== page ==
BelGazeta, Belarusian analytical weekly newspaper, addressed two representatives of the opposition, Andrei Dmitriev (25) and Vladimir Matskevich (50), asking them to comment the confession of the opposition Unified Civil Party (OGP) member Vlad Mikhailov (20) about his cooperation with KGB. On January 22, Mikhailov, the Belarusian student studying in Poland, gave an interview to the Polish Tygodnik Powszechny newspaper. He told that he started his opposition activity in 2004. He was collecting signatures in favor of the opposition candidates to the Parliament, distributed oppositionist pamphlets, created and edited a website (studgomel.com) of a relevant content. According to Mikhailov, he was recruited by the Belarusian KGB at the beginning of 2006. He told that: "That was preceded by half a year of contacts (between him and the KGB representatives): There also were threats, and blackmail, and phone calls to the friends".
Already in Poland, Mikhailov was informing the Belarusian KGB about activity and attitudes of the Belarusian students studying together with him. In particular, it concerned the son of the main opposition leader in Belarus, Alexander Milinkevich.
Mikhailov said that he terminated his cooperation with KGB in November 2006.
One of BelGazeta's interviewees, member of the Unified Civil Party (OGP) Andrei Dmitriev, commented Mikhailov's confession in the following way: "KGB has a plan of work with sources of information. Students are a solid material. It is easy to talk to them, and it is easy to threaten them". Dmitriev explained how the contact between KGB representatives and a student is being established. According to him: "Usually, the conversation goes as that of the nice people taking interest in situation in the country. They ask questions and listen to your opinion. The person realizes that there is nothing wrong with it, and it's just a conversation. The KGB serviceman, in his turn, uses sophisticated tricks, for instance, saying such phrases as 'You surely realize, what kind of problems that can lead to'. And everyone pictures problems as far as his imagination lets him". Answering the question, why some people agree to contact the KGB at all, Dmitriev told: "First reason is fear. Besides that, a person tries to live well in any place he is situated. In Belarus, people use to cooperate with KGB in order to avoid problems at their workplace or in the university. People want to feel themselves comfortable, therefore the KGB will always have its agents. The KGB servicemen use standard methods: 'we'll throw you out of the university; we'll fire your parents from the job".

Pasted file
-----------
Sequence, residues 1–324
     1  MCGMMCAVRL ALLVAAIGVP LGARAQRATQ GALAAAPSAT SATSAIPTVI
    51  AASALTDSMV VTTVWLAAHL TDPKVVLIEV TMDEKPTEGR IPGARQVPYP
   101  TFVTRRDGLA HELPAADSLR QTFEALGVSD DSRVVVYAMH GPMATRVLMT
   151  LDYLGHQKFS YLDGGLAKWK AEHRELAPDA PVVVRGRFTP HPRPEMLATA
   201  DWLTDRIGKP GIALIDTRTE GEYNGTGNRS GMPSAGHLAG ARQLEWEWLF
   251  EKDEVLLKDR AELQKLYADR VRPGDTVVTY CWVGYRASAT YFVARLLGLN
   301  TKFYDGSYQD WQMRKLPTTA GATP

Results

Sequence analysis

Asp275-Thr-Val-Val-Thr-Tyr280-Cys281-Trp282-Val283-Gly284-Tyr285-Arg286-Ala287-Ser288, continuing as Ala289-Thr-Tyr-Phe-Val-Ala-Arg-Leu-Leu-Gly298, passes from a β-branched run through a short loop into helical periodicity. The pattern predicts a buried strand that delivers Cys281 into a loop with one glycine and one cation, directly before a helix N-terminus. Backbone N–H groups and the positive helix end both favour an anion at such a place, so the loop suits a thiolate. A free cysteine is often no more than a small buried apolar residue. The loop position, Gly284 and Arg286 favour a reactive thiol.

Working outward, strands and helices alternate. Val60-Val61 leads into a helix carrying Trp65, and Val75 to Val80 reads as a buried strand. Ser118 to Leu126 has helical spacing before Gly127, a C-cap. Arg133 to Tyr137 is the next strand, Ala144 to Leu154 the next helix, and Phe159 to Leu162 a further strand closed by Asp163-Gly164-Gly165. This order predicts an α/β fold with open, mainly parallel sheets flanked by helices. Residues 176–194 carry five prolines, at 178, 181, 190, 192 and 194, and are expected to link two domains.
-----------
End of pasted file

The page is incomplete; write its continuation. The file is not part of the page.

Commenting Mikhailov's interview, the former member of the OGP board Vladimir Matskevich told that many Belarusian students studying in Poland cooperate with the KGB. On the other hand, he emphasized that such informants, given their young age, provide the KGB only with a very secondary information. Matskevich, who himself was the KBG recruiters' target at the beginning of the 1990s, assumes that the secret police works with young students not for the sake of information that they supply, but rather for obtaining an instrument of compromising them later on, as they proceed with their career. "A big man can grow up from a twenty-year-old guy - a scientist, a businessman, or an official. Some of them can be of use", Matskevich explained. He added: "It was told about Eastern Germany that every fourth citizen there was cooperating with Stasi in this or that way. I assume that this rate matches ours". Regardless of this fact, Matskevich noticed that the KGB is not capable to spy on everyone, "only leaders are under the supervision". Therefore, people like Mikhailov, who talk "about chasing them, are really nourishing the feeling of their own meaningfulness. They like to think that they are interesting for such a 'frightening' organization as the KGB".